Denise Forte Gives Public Comments at U.S. Department of Education Negotiated Rule Making Session
Denise Forte gives public comments before U.S. Department of Education Negotiated Rule Making Committee.
Good afternoon. My name is Denise Forte; I’m the senior vice president for Partnerships and Engagement at The Education Trust.
Thank you to the Department and negotiators for the opportunity to provide public comment as part of this negotiated rulemaking session.
As an organization working to close the gaps in achievement and opportunity that separate low income students and students of color from their peers, The Education Trust is alarmed this process is another chance for the Department to weaken existing protections for students and taxpayers and to roll back the clock so that waste and abuse of student and taxpayer dollars can begin again.
The negotiated rulemaking process should be used for a singular purpose: to improve outcomes for students, especially low-income students and students of color.
Citing “innovation” as a means to put deregulation before quality and outcomes will only waste taxpayer money and shortchange students seeking to benefit from Federal student aid programs that help finance their education.
To put it simply: This negotiated rulemaking session is bad for equity and the Department’s proposals will exacerbate the already devastating gaps in opportunity and achievement that currently exist for low income students and students of color in higher education.
First and foremost, given the recent reinstatement of failed accreditor ACICS, we are concerned that the Department’s efforts to lower the bar to recognize new accrediting agencies, weaken the role of regional accreditors, and water-down requirements for how accreditors hold institutions accountable is dangerous to ensuring high-quality student outcomes.
Accreditors must currently demonstrate they have the necessary experience to approve institutions offering certain types of degrees, but under the proposed regulations, agencies would be allowed to change most types of programs they accredit with minimal oversight and without a focus on quality.
Additionally, in the Department’s latest proposal, institutions could outsource up to half of an educational program without seeking approval, and up to 75% of a program with accreditor approval.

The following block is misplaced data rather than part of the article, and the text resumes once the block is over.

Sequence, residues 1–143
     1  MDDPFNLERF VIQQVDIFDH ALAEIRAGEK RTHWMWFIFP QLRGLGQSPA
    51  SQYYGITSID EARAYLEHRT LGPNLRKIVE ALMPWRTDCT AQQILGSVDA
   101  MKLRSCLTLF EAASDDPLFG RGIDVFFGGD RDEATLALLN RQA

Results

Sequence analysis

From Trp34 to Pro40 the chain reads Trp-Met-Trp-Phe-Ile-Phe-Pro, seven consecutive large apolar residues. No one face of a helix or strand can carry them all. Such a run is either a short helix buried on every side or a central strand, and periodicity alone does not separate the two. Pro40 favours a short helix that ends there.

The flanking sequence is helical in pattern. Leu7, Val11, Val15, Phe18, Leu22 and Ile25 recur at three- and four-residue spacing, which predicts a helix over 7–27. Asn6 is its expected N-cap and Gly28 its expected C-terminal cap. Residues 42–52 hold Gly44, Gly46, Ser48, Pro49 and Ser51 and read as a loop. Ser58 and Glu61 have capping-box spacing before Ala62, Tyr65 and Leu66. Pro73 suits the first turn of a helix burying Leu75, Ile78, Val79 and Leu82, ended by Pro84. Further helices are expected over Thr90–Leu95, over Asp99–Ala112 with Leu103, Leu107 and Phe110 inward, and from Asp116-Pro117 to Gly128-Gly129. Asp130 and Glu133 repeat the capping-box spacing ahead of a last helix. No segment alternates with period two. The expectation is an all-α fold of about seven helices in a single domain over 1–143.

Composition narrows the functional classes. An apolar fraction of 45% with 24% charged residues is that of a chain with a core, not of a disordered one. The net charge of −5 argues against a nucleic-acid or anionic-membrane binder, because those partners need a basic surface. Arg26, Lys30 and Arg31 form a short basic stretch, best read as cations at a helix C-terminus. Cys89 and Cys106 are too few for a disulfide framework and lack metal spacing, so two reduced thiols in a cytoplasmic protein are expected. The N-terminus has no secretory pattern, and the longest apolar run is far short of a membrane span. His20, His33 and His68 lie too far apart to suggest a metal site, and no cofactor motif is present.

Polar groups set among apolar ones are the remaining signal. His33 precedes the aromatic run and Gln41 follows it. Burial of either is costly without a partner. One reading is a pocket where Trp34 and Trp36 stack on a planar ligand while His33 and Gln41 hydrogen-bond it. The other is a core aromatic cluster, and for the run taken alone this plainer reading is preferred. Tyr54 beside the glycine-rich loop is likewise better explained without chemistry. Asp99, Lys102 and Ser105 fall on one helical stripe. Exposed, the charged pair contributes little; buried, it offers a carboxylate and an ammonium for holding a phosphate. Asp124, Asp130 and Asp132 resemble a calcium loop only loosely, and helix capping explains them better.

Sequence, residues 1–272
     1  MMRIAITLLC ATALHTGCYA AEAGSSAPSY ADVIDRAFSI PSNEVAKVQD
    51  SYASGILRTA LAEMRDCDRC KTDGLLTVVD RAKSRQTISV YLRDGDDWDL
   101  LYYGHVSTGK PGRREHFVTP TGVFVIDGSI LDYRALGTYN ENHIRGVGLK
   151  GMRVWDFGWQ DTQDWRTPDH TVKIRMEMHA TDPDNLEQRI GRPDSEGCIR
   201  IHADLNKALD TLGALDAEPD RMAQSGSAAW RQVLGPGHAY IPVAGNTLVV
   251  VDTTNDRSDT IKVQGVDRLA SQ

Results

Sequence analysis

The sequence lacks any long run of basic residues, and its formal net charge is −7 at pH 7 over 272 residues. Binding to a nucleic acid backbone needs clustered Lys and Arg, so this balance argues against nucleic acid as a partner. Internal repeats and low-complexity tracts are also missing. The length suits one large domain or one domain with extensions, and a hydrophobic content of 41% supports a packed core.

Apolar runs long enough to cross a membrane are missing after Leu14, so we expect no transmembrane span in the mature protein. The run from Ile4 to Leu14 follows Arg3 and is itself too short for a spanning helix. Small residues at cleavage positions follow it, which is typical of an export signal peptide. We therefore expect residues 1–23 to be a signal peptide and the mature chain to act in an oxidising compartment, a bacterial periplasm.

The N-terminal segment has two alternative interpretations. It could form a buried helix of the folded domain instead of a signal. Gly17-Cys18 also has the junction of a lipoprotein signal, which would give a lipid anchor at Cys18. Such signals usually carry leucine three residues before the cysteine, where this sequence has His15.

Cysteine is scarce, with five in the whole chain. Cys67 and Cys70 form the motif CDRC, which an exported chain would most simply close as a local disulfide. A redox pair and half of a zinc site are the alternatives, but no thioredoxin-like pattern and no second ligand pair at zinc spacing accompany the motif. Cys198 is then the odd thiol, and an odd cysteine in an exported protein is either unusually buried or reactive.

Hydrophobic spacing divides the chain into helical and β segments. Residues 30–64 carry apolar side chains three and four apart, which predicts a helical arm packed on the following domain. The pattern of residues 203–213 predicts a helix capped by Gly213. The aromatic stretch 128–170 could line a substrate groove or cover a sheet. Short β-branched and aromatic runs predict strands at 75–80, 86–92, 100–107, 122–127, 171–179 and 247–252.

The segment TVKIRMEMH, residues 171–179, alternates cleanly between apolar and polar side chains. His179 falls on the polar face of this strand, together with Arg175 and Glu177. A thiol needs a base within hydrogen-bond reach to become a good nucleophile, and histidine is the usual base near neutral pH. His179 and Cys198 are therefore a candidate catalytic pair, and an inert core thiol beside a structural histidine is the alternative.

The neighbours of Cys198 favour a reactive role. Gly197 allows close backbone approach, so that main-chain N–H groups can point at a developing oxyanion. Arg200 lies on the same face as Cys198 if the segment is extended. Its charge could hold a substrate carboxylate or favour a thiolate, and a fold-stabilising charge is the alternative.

These proposed changes throw open the back door to federal financial aid for entities that can’t or won’t get accreditation, and undermines the laws Congress has put in place to protect students and ensure their programs are high-quality.
The Department’s proposal would also defer accreditors to redefine the “credit hour,” potentially opening the floodgates to undermine the amount of learning a student pays for, particularly using federal financial aid.
Secondly, we find the Department’s newest proposal around distance education and the requirements for “regular and substantive interaction” problematic.
The proposed definition of “distance education” allows institutions to skirt requirements that qualified experts regularly interact with students through the use of “instructional teams.”
A weakening of these requirements could mean those students most in need of support from their instructors, are pushed into online classes where they are less likely to be successful.
Lastly, state authorization requirements for online programs.
A strong, functioning oversight system requires the active engagement of states, and the regulations published two years ago ensure states are aware of and responsible for the institutions operating within their borders.
The Department’s effort to eliminate state authorization protections will limit information available to students, making it more difficult for them to obtain necessary knowledge around program licensure requirements.
We have also noticed ED’s proposal to amend the definition of incarcerated student to include those in youth correctional facilities.
At Ed Trust, we are highly supportive of the Second Chance Pell experimental site, and lifting the statutory ban on Pell eligibility for incarcerated individuals.
There has been little discussion as to the impact of this change; and we urge the Department to further clarify that such students remain eligible for Pell Grants, as is current policy.
We look forward to additional clarification from the Department on this matter.
In closing, we call on the Department to reverse course on these proposals and the many others that do not strengthen protections and ensure students have access to high-quality education opportunities in higher education.